Don’t tell Aubrey O’Day, but on Celebrity Apprentice, she’s just like Dayana Mendoza

The two people who got the most attention on last night’s Celebrity Apprentice were Dayana Mendoza and Aubrey O’Day. On the surface, they seem like very different people: Dayana thought a jingle was a version of “Jingle All the Way,” while Aubrey has actually written every jingle ever used, ever, all while doing cancer research during her many trips into burning buildings to save orphans.

But they aren’t so different at all. Dayana is in over her head, while Aubrey’s head is over-inflated. They’re essentially the same type of contestant, trying desperately to prove why they deserve to be there, and falling apart in the process. Last night, Donald Trump finally put Dayana out of her Celebrity Apprentice misery, firing her without even bothering to send Dayana, Lisa Lampanelli, and Clay Aiken out of the room.

Dayana isn’t necessarily stupid, and on previous tasks she’s proven herself to be a hard worker, which is what saved her in the past–especially when someone such as Lisa would point out how hard she works. But in her attempt to prove herself worthy, cover for her occasional ignorance, and to win for her charity, Dayana injects herself into every moment without realizing that she’d be more effective backing down.

When she did that during the jingle-writing task, that led to both more yelling from Lisa and gave us more of what has become a highlight of this season: Clay Aiken reactions. Both in the moment (he made faces behind her back) and in interviews, he is hilarious and ridiculously quotable–so quotable I just stopped writing down things he says, because there are too many and they’re much better in context. Once again, Celebrity Apprentice helps us see a celebrity in an entirely new way.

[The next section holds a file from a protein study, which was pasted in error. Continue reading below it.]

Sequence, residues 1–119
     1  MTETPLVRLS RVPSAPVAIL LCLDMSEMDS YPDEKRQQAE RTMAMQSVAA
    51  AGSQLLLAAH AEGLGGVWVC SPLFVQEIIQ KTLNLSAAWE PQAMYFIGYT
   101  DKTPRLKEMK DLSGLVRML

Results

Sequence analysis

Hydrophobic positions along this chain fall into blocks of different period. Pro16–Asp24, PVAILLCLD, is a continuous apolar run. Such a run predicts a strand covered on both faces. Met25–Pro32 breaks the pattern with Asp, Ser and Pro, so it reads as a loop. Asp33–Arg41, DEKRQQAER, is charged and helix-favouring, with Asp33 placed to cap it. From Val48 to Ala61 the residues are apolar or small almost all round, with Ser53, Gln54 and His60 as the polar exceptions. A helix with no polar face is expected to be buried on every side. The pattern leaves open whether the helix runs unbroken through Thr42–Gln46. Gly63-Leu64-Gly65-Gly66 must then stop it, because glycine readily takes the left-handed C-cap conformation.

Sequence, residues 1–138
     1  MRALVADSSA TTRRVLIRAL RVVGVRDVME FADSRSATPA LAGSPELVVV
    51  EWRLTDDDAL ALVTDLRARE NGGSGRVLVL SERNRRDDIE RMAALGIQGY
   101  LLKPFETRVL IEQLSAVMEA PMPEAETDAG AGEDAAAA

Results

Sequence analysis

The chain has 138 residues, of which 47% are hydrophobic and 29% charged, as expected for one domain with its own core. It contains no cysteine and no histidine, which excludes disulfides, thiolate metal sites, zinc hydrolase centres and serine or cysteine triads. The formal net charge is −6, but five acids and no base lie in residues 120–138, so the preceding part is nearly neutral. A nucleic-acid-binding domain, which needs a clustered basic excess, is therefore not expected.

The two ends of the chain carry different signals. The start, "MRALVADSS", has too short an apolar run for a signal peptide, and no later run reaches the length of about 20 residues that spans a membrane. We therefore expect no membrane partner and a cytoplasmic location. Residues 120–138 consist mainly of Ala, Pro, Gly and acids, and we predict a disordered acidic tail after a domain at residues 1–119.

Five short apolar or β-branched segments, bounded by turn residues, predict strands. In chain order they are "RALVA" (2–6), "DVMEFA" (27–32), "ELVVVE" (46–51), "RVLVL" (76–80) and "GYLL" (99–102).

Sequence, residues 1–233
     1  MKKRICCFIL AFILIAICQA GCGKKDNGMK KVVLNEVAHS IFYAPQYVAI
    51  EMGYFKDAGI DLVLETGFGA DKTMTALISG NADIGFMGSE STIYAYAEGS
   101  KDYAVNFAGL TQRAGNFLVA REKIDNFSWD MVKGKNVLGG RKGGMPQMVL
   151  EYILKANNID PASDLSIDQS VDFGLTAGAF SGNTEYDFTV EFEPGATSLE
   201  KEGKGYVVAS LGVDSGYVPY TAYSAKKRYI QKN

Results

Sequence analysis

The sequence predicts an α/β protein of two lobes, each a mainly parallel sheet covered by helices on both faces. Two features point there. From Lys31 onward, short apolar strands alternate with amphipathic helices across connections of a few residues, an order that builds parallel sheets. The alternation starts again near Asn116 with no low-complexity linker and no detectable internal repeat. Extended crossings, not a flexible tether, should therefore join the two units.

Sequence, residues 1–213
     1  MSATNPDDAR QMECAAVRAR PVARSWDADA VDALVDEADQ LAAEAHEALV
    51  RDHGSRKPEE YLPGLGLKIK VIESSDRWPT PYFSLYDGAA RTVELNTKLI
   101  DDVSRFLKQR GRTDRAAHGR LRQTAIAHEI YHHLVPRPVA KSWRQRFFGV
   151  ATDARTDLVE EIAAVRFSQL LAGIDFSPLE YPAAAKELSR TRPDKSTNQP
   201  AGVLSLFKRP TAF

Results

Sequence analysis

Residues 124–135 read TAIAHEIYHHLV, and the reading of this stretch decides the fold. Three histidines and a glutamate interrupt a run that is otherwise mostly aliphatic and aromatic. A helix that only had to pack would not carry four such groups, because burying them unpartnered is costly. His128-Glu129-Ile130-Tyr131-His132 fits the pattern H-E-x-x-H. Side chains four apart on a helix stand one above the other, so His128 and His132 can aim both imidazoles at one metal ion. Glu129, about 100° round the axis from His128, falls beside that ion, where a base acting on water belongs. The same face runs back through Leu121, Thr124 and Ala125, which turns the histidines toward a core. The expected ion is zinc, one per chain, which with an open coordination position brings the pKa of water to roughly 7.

Aubrey, meanwhile, is actually smart and multi-talented, but she’s convinced herself that she’s far better than everyone else, and no one will ever be able to accomplish what she does because she’s so amazing. I mean, Aubrey does everything! And no one else is good at anything, ever. She both pulled a flabbergasted Don Jr. aside in the war room to tell him that she was, once again, doing everything, and later literally said in an interview, and I quote, “It’s difficult when people aren’t as good at things like this than you are.”

Her constant reminders–to us, to her teammates, to Donald Trump and his family, and to herself–about how amazing she is actually undermines her actual contributions. In a competition like this, it’s inevitable that one has to defend oneself and make sure Trump and his kids know what you’ve done and why you’ve done it. Penn Jillette was pretty good at doing that humbly throughout the season, though he lost his motivation at the end.

Ultimately, I’d guess this will backfire on Aubrey, just as it did with Dayana. Project managers who do everything aren’t good leaders, and team members who take credit for everything aren’t good contributors. With next week’s episode featuring John Rich and Marlee Matlin, I’d guess they’ll see through Aubrey’s bullshit immediately, and Aubrey will be driving her car service of shame to the hotel while filming herself giving her exit confessional about how she personally constructed every building in New York City.

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about the writer

Andy Dehnart is a journalist who has covered reality television for more than 15 years and created reality blurred in 2000. A member of the Television Critics Association, his writing and criticism about television, culture, and media has appeared on NPR and in Playboy, Buzzfeed, and many other publications. Andy, 36, also directs the journalism program at Stetson University in Florida, where he teaches creative nonfiction and journalism. He has an M.F.A. in nonfiction writing and literature from Bennington College. More about reality blurred and Andy.